Category Archives: Health care

Cancer treatment never better, but oncologist shortage is looming

Cancer treatments are advancing steadily, but the supply of cancer doctors isn’t, USA Today reports.

The United States could face a shortage of as many as 4,080 oncologists by 2020, according to a report from the American Society for Clinical Oncology.

Factors contributing to the impending shortfall include the aging of the U.S. population (cancer is more prevalent among older adults), retiring oncologists, and — shockingly — a growing number of female oncologists. Apparently, studies show female cancer doctors see fewer patients than their male counterparts.

Lifestyle, balance a factor in doctors (not) specializing in primary care medicine

Some of the reasons fewer medical students are choosing to specialize in primary care — a subset of internal medicine — has to do with lifestyle, says a report in the Sept. 10 issue of JAMA, the Journal of the American Medical Association.

They want better hours and recompense for the amount of time and work it requires to treat the large portion of elderly and medically complex patients this specialty sees.

A study to find out students’ impressions and concerns found they were concerned about patient complexity, the practice environment and lifestyle, compared with other specialties, officials said.

“Current students recognize the increasing demands on internists, particularly primary care physicians, to accomplish large numbers of preventive and therapeutic interventions during short visits with chronically ill patients while also managing increasing administrative expectations,” the authors wrote. “Career interest in general (internal medicine) is particularly low, reflecting the challenges in the primary care practice environment…”

Nurses want better working conditions

Turns out, nurses value better working conditions and a greater say in patient care over financial incentives, according to a Washington Post story.

The awe-inspiring bonuses and other impressive incentives from the recruitment craze of recent years, spurred by a national nursing shortage, are starting to settle in favor of the quieter, but more favorable conditions that actually keep nurses happy.

The hard truth:

Five years ago, hospitals waged intense bidding wars to fill nursing vacancies, luring nurses with huge signing bonuses and even sport-utility vehicles and vacations to the Bahamas. Those efforts often only served to exacerbate turnover, spurring nurses to remain in jobs just long enough to claim the prizes before moving to other hospitals with better incentives.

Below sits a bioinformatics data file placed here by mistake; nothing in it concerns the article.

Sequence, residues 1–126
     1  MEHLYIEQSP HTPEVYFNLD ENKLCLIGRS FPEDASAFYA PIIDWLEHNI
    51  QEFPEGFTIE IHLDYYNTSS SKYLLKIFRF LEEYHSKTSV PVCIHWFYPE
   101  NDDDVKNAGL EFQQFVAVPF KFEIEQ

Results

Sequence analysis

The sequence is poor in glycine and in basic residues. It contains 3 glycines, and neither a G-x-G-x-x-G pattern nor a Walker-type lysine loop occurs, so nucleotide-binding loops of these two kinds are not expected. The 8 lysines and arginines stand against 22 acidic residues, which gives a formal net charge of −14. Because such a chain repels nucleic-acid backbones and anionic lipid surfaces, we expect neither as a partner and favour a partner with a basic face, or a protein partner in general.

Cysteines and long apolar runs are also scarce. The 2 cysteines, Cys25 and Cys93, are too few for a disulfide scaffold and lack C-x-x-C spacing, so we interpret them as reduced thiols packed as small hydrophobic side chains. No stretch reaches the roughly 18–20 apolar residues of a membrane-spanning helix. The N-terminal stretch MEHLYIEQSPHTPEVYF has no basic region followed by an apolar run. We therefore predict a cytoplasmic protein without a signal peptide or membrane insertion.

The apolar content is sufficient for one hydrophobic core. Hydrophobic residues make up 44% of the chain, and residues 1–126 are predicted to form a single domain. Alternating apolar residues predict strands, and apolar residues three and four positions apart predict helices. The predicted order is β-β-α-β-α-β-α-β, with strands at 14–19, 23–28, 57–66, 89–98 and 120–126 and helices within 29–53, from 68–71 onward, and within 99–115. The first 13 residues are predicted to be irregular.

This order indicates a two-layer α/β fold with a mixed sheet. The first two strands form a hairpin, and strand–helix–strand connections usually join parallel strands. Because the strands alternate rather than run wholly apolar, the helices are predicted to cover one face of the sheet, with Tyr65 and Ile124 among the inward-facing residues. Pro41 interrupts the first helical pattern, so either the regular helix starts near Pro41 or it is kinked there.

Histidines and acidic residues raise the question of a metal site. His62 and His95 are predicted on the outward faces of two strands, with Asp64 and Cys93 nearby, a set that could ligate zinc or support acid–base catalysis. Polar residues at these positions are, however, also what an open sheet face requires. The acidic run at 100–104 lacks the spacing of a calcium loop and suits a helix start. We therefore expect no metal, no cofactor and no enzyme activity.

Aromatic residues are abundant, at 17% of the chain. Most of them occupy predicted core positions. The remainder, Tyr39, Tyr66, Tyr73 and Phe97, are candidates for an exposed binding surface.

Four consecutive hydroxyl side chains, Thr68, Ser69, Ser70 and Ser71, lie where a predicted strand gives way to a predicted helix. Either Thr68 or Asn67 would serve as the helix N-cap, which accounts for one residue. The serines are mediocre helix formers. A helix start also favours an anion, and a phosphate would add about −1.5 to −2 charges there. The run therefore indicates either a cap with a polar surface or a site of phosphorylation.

As it turns out, many nurses want better working conditions more than they do extra money. Hospitals now are responding by introducing technology to dramatically reduce paperwork, offering more flexible hours, reducing caseloads, paying for advanced training and giving them more authority.

Quick hits: comparing our hospitals’ death rates by ZIP Code

Medicare’s oft-cited Hospital Compare Web resource now features a new mini-tool that allows you to quickly compare up to three mortality graphs on hospitals within a zip code range.

The results will show you 30-day death (mortality) rates for heart attack, heart failure and pneumonia. Yes, the data is risk-adjusted for balance.

Out of seven hospital choices, I chose to compare Galichia Heart Hospital, Via Christi Regional Medical Center and Wesley Medical Center, three acute-care hospitals/systems in Wichita with emergency departments. I am happy to report that all three hospital systems were very close to the national average and considered, statistically, “no different than the national rate.” However, it’s worth noting that both Galichia and Via Christi rates were consistently a few points better than the national average.

Fewer graduating doctors choosing primary care

This won’t come as a surprise to those who’ve followed my coverage regarding a looming primary care physician shortage, but a new report published this week in the Journal of the American Medical Association says only 2 percent of graduating medical students say they plan to work in primary care internal medicine.